Users create profiles on the app to join the socially vetted community, where they can then rate one another and verify their accounts by adding bank account information. Shippers put out requests to have packages delivered, and Travelers can input travel information to see if there are any available deliveries along their route.
The app uses GPS to find the quickest route and provide tracking, as well as camera functionality to show proof of delivery. All payments are exchanged through Hitch’s third-party payment processing partner, Stripe.
Learn more about Hitch.
Deliv – Same-Day Delivery
Deliv is a general use last mile solution offering same-day service to over 4,000 omnichannel businesses in 35 cities across the country. Some of its biggest partners include Macy’s, Best Buy, Walmart, and IBM.
Deliv Fresh packageDeliv
Rather than just fulfilling ad hoc deliveries for consumers, Deliv seeks to be a long-term business partner solving companies’ last mile problem â€” evidenced by its breakdown into Deliv Small Business, Deliv Enterprise, and Deliv Fresh for groceries. It offers SLAs, performance metrics, and integrations into business’ online checkout processes.
And the company is growing. In February, 2018, it launched Deliv Rx to extend these same-day services to patients, doctors, pharmacies, hospitals, labs, and clinics. Deliveries can include things like prescriptions, x-rays, medical equipment, documents, and even pet medicine.
Learn more about Deliv.
Growth & Future of Crowdsource Shipping
Want to learn more? The Crowdsourced Delivery Report from Business Insider Intelligence examines the rise of the crowdsourcing model in the last mile delivery space.
In this report, we detail the top use cases for crowdsourced deliveries, as well as the benefits and challenges of using this model for delivering online orders. We also provide insights into how to optimize crowdsourced deliveries for e-commerce and, lastly, we explain the long-term potential of startups appearing in the crowdsourced delivery space as automation plays a bigger role.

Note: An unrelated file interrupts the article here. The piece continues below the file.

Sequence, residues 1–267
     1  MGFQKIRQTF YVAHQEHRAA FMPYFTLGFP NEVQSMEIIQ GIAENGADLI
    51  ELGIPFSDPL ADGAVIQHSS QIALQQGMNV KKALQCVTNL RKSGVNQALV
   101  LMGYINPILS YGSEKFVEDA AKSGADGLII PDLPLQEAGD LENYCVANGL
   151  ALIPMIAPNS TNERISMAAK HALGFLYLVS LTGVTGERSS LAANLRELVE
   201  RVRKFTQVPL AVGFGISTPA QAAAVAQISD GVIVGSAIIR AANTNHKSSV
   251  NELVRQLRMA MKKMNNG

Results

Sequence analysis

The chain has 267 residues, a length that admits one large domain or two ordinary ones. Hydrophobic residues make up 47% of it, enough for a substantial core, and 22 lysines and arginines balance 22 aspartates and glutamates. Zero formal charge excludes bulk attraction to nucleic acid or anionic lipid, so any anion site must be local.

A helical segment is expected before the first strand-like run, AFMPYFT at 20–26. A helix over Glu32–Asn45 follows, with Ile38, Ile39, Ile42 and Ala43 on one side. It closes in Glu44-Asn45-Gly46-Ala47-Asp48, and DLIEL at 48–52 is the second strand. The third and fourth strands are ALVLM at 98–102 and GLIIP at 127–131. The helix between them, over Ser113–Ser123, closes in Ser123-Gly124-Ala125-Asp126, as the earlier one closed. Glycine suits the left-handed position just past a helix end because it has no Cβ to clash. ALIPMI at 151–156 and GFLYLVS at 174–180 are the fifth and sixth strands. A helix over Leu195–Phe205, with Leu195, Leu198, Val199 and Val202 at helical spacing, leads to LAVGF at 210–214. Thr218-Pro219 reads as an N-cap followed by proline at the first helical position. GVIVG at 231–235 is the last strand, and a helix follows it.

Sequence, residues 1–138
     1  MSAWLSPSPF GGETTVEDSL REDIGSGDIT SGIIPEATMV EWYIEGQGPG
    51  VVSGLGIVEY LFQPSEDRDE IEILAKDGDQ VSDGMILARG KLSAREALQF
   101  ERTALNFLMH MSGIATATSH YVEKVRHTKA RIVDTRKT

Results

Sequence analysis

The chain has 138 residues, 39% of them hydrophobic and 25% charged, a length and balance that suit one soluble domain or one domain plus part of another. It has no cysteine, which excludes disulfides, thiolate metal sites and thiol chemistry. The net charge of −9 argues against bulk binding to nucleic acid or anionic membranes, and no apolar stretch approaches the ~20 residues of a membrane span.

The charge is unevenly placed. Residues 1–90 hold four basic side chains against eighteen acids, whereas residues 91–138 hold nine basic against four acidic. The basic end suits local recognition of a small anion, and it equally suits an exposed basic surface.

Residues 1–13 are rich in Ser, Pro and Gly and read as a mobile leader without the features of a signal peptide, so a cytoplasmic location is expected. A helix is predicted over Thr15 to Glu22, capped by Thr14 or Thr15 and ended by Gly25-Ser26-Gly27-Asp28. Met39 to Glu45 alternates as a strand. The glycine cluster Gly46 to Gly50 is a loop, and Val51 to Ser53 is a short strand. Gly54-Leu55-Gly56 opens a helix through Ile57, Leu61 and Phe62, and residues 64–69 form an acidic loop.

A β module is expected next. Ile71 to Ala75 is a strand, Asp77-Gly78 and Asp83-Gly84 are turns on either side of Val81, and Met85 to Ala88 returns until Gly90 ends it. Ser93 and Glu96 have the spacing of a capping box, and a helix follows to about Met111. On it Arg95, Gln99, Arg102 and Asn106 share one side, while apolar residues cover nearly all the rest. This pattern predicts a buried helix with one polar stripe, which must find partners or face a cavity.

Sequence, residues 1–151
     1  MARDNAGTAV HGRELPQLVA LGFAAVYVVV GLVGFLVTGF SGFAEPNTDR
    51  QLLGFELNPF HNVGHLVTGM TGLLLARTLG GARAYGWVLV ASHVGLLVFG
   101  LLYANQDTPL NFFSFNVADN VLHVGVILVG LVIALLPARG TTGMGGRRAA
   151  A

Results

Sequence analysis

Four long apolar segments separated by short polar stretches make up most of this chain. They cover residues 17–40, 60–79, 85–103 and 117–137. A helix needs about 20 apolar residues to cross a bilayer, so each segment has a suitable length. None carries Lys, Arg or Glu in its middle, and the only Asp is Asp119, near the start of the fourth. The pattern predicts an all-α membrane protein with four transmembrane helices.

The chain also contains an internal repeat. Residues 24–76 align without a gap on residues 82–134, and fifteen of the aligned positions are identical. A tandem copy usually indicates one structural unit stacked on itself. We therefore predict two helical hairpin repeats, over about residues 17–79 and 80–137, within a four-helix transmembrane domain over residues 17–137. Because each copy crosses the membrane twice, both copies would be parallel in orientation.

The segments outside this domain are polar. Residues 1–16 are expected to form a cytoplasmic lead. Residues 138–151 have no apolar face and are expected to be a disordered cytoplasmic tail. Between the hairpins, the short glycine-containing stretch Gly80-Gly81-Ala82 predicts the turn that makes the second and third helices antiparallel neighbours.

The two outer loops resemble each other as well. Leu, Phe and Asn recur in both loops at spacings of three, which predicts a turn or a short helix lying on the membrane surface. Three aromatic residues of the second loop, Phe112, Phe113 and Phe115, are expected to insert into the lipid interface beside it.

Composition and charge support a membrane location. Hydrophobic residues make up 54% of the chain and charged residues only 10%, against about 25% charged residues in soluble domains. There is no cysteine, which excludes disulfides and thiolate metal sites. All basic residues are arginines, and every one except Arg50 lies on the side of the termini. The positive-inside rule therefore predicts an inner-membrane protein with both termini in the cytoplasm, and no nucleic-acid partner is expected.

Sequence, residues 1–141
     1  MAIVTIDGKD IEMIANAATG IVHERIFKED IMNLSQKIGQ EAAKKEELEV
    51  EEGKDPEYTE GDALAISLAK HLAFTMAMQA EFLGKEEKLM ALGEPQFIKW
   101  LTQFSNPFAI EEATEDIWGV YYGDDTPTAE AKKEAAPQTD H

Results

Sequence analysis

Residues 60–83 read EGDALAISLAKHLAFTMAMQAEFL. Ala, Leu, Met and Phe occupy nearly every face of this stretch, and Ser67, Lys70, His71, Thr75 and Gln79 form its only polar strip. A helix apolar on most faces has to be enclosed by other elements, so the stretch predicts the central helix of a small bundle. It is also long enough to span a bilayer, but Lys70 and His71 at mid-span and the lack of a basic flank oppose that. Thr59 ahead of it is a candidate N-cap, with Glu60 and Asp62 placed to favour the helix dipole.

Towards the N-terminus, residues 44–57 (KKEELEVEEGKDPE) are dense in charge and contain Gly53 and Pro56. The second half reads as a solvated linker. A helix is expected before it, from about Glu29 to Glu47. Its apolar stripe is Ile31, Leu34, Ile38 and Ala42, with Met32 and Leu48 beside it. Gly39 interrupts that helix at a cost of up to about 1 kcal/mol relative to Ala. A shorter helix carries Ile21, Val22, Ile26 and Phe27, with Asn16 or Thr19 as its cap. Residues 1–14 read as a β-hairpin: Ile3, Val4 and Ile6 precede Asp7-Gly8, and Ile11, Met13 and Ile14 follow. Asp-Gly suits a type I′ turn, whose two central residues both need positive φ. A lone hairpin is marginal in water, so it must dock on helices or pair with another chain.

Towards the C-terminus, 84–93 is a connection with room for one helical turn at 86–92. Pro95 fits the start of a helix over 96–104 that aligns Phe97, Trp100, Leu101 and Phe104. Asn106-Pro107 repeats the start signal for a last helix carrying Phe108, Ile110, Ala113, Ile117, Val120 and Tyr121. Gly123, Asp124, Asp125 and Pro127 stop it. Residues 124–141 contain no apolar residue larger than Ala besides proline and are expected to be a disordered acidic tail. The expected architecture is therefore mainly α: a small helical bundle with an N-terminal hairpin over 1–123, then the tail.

Here are some of the key takeaways from the report:
Retailers are looking for ways to deliver goods faster to consumers’ doorsteps to stave off Amazon’s threat and meet customer expectations.
To accomplish that, retailers and delivery providers are zeroing in on the “last mile” of fulfillment, the most expensive and time-consuming part of the delivery process, which is when a package reaches the customer’s address.
Startups like Postmates, Instacart, and others are looking to disrupt the last mile delivery space by leveraging the “Uber model,” and connecting businesses to non-professional couriers who can deliver goods instantly.
Crowdsourcing can drastically speed up deliveries in urban areas, where there is a high density of deliveries and potential couriers to be matched.
However, as delivery volumes increase, crowdsourced delivery startups will need to further optimize their deliveries to improve cost efficiencies.
Many of the deliveries these startups perform today will likely be automated in the future, raising the possibility that these startups may eventually look to incorporate new technologies like delivery drones or self-driving delivery vehicles.
In full, the report:
Details the factors driving investment and growth in crowdsourced delivery startups.
Examines the benefits and drawbacks of using crowdsourcing to deliver online orders.
Explains how crowdsourced delivery startups can improve their cost efficiencies to tackle greater delivery volumes.
Explores the role that crowdsourcing will play in the future of delivery once automated delivery options, like drones and robots, arrive. Get The Crowdsourced Delivery Report